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Dylan Dog: Dead of Night (2010)

PG-13 | | Action, Comedy, Crime | 29 April 2011 (USA)
Trailer
2:23 | Trailer
The adventures of supernatural private investigator, Dylan Dog, who seeks out the monsters of the Louisiana bayou in his signature red shirt, black jacket, and blue jeans.

Director:

Kevin Munroe
1 nomination. See more awards »

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Cast

Cast overview, first billed only:
Brandon Routh ... Dylan
Anita Briem ... Elizabeth
Sam Huntington ... Marcus
Taye Diggs ... Vargas
Kurt Angle ... Wolfgang
Peter Stormare ... Gabriel
Kent Jude Bernard Kent Jude Bernard ... Pale Teen / Slake
Mitchell Whitfield ... Cecil
Michael Cotter ... Phil
Laura Spencer ... Zoe
James Landry Hébert ... Lorca (as James Hébert)
Dan Braverman ... Big Al
Marco St. John ... Borelli
Kyle Clements ... Roddy
Douglas M. Griffin ... Harkin
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Storyline

The adventures of supernatural private investigator, Dylan Dog, who seeks out the monsters of the Louisiana bayou in his signature red shirt, black jacket, and blue jeans.

Plot Summary | Add Synopsis

Taglines:

No pulse? No problem. See more »


Motion Picture Rating (MPAA)

Rated PG-13 for sequences of creature violence and action, language including some sexual references, and some drug material | See all certifications »

Parents Guide:

View content advisory »
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Details

Official Sites:

Official Facebook | Official site | See more »

Country:

USA

Language:

English

Release Date:

29 April 2011 (USA) See more »

Also Known As:

Dead of Night See more »

Filming Locations:

New Orleans, Louisiana, USA See more »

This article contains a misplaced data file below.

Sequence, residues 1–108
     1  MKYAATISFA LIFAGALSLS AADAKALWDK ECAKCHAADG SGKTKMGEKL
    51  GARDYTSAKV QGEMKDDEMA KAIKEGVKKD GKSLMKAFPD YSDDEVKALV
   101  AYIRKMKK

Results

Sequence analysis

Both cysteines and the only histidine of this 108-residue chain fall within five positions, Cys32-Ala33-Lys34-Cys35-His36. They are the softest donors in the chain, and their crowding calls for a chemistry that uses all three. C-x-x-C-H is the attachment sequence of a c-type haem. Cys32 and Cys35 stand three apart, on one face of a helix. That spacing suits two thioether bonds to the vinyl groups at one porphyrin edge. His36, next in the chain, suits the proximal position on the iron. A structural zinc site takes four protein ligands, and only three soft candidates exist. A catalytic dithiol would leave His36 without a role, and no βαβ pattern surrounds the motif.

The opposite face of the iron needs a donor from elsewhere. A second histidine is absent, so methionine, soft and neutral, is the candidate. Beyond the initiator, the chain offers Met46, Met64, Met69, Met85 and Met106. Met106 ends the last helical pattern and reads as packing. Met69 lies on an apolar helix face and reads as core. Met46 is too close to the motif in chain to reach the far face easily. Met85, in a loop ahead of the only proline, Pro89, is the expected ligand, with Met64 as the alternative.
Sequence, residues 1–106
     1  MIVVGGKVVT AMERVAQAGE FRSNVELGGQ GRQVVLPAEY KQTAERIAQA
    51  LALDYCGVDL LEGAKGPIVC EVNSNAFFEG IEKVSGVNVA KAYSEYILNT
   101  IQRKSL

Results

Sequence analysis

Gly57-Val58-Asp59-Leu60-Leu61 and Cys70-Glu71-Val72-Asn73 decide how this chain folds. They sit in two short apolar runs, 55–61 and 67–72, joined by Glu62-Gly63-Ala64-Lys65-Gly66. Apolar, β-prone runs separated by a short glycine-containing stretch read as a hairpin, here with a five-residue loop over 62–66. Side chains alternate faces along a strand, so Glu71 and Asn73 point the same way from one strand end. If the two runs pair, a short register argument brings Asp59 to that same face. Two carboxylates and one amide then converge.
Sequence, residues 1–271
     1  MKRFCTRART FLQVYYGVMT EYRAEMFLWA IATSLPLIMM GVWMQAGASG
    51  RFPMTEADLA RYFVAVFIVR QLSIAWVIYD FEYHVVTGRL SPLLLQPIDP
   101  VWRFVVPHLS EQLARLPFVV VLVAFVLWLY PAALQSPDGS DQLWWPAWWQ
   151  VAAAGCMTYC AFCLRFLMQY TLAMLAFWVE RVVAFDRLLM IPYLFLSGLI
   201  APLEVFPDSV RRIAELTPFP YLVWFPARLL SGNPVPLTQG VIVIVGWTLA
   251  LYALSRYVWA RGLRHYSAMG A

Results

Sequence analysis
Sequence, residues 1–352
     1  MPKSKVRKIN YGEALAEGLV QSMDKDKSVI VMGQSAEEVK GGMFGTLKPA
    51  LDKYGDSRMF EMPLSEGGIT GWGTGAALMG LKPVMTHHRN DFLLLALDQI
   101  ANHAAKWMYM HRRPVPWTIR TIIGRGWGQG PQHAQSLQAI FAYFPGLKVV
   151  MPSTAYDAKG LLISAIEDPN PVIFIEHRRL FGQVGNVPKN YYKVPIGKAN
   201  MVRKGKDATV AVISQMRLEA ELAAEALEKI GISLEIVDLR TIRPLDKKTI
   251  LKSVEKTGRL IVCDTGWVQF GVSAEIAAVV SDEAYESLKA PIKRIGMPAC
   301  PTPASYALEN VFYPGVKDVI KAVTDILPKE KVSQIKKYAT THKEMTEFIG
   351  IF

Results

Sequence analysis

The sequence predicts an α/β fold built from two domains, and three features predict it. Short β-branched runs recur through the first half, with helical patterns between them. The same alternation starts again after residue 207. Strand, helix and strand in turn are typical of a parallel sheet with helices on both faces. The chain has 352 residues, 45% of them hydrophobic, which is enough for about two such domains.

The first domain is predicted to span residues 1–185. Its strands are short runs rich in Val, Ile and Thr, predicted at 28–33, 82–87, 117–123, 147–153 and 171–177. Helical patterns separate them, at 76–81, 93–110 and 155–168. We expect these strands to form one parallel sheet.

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Box Office

Budget:

$20,000,000 (estimated)

Opening Weekend USA:

$754,779, 1 May 2011, Wide Release

Gross USA:

$1,183,354, 15 May 2011
See more on IMDbPro »

Company Credits

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Technical Specs

Sound Mix:

Dolby Digital

Color:

Color

Aspect Ratio:

2.35 : 1
See full technical specs »
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Did You Know?

Trivia

In the comics, Dylan Dog's sidekick is a Groucho Marx impersonator who goes by the name Groucho and behaves exactly like the comedian, having lost all recollection of his true identity. This had to be changed for the film, due to legal issues related to the use of Groucho's likeness. See more »

Goofs

When Dylan takes the handgun from the disgruntled husband early in the film, he is shown making the weapon safe. However, by racking the slide BEFORE ejecting the magazine, this would eject a cartridge but immediately replace it with another. So unless the businessman came with only one bullet, the gun would still have a bullet left in the chamber. See more »

Quotes

Marcus: I guess we could just talk about the location of the flesh-eating zombie when you guys are done boning.
See more »

Connections

Featured in The Blockbuster Buster: Dylan Dog (2012) See more »

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User Reviews

 
In defense of Dylan Dog
20 March 2011 | by lucamaffei92See all my reviews

I've been waiting for this movie for many years and I've followed every news about the production since 2007. I'm not a very obstinate fan of "Dylan Dog" but I like it. In Italy "Dylan Dog" is a sort of religion because in the late 80's early 90's every teenager have read at least one episode of the comic book series. Now, this movie is slaughtered by Italian critics and fan because of his "infidelity" against the comics: in the movie there is no Groucho (DYD assistant), no inspector Bloch, no London and that is enough to cause the terrible reaction of all Italian fans. Obviously the greatest part of DYD fans decided to suppress this movie months before it's coming in cinemas. I've seen "Dylan Dog: Dead of Night" and I must say that it's a very funny movie, with a good balance of horror/comedy/action parts. Brandon Routh is able to play the part of "Nightmare's Investigator" and his character is more faithful than what is said. For reasons of money it was impossible to set the movie in London but the setting of New Orleans is the best alternative option that director Kevin Munroe could do. For the same reason there isn't Groucho, DYD assistant, but the character of Marcus replaces him with no regrets. I think it's a miracle that an American production company decided to make a film about an Italian comic and I'm very glad for this decision and for the result because I've seen in this project two very precious qualities, very important to make a good adaptation: passion and respect. I'm waiting for a sequel and I recommend to everyone to see this movie!


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